belt with calculator, screw driver, measuring cups, glasses, whisk, note pad illustration

Workers in critical industries like health care, logistics and agriculture should be rewarded with respect and better pay. (Illustration/Harry Campbell)


What’s the Future for Essential Workers After COVID-19?

A sociology professor says the services of grocery store workers, agricultural laborers, caretakers and others need to be prioritized in America.

August 19, 2021 Daniel P. Smith

Growing up in Los Angeles’ San Gabriel Valley in the 1960s, Manuel Pastor had a stable home life thanks to his working-class father. His dad had a sixth-grade education, but his job repairing industrial air conditioners provided the family with their own home and a car. It also gave the Pastor children a fair shot at upward social mobility.

These days, Pastor, director of USC’s Equity Research Institute, says mid-level service and care jobs no longer offer working-class families financial stability, much less a path to the middle class. Instead, the Distinguished Professor of Sociology and American Studies and Ethnicity sees blue-collar jobs like his father’s as devalued. He points to the fall of collective bargaining and unions in the workplace as part of this decline, coupled with weak investments in public education and a minimum wage too low to prop up the bottom of the labor market.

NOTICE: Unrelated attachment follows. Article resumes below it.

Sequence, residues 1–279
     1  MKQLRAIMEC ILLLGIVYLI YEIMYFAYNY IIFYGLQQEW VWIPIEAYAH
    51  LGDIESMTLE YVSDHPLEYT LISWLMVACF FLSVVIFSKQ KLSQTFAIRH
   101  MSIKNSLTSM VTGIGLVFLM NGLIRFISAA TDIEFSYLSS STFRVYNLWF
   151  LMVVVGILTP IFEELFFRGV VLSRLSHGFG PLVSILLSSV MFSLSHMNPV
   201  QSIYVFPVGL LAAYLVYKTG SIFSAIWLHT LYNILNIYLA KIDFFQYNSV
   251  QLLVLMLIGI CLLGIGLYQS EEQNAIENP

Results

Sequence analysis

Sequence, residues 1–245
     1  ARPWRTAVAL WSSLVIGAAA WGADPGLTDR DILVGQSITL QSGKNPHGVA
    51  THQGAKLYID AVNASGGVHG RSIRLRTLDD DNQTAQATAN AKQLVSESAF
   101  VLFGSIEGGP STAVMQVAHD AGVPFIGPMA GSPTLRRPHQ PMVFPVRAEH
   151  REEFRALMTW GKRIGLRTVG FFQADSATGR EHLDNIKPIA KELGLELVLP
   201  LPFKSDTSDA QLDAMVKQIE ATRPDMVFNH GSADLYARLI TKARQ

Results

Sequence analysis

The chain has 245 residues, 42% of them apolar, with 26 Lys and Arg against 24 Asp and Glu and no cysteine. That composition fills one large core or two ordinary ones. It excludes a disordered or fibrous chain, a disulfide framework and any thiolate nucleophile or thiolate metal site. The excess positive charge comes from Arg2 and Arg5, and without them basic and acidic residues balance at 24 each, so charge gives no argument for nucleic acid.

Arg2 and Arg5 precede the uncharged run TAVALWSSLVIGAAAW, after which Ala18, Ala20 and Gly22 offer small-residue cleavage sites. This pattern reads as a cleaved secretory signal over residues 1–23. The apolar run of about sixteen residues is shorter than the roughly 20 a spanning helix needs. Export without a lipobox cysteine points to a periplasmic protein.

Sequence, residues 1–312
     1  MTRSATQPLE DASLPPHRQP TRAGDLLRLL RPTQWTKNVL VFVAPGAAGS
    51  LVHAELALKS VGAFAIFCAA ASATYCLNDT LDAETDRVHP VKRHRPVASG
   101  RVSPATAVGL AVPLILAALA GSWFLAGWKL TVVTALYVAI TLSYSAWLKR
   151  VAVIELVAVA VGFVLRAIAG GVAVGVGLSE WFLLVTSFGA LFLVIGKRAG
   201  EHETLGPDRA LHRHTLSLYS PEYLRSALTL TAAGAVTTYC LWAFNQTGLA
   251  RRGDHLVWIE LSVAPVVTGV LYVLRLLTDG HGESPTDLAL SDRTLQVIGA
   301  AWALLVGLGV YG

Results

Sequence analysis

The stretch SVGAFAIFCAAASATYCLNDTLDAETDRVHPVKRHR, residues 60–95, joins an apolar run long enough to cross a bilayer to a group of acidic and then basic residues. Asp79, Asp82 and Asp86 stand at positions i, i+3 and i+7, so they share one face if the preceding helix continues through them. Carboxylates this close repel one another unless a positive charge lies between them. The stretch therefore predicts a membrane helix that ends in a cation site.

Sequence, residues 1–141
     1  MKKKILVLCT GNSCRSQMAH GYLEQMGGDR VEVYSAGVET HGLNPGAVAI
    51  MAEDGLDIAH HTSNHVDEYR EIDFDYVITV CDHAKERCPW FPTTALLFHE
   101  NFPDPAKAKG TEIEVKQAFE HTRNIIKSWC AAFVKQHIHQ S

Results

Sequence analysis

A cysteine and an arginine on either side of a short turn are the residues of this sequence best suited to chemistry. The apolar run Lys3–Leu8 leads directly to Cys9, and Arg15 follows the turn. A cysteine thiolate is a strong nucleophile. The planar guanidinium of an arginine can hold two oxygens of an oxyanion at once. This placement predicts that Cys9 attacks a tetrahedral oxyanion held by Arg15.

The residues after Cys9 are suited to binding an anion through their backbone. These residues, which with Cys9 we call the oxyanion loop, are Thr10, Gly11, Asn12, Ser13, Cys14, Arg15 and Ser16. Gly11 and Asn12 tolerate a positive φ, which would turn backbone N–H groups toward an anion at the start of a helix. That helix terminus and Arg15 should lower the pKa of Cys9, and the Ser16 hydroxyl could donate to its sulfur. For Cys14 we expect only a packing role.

In predicting the future of work, imaginations often flow to “shiny things” like technology, automation and remote jobs, but Pastor considers the care, logistics and service industries as real measures of our economy’s strength. COVID-19, he says, demonstrated how a bevy of low-paid employees — agricultural and factory laborers, truck drivers, janitors and health care workers among them — are essential to the nation’s overall vitality. Their work holds together our society, he notes, yet they’re not rewarded with dignity, respect and pay.

Care is something we can’t automate, and if we did, grandpa and grandma wouldn’t like it.

Manuel Pastor

“Lots of Americans want Mercedes salaries and Walmart prices,” he says.

Pastor fears another crisis that could hit workers in critical fields like child care and elder care — key positions, he emphasizes, that cannot be outsourced to robots.

“Care is something we can’t automate, and if we did, grandpa and grandma wouldn’t like it,” Pastor says. He champions public policies that elevate the bottom of the labor market and close the growing wage gap that leaves many Americans behind. In other words, it’s time to start paying up and compensate work fairly.

Equity, he says, needs to be baked in, not sprinkled on. His starting points are eliminating labor discrimination and allowing essential workers to be represented in collective bargaining. And as the economy emerges from the pandemic’s shadow, he believes now is the time for action: “Left on its own, this chasm will widen.”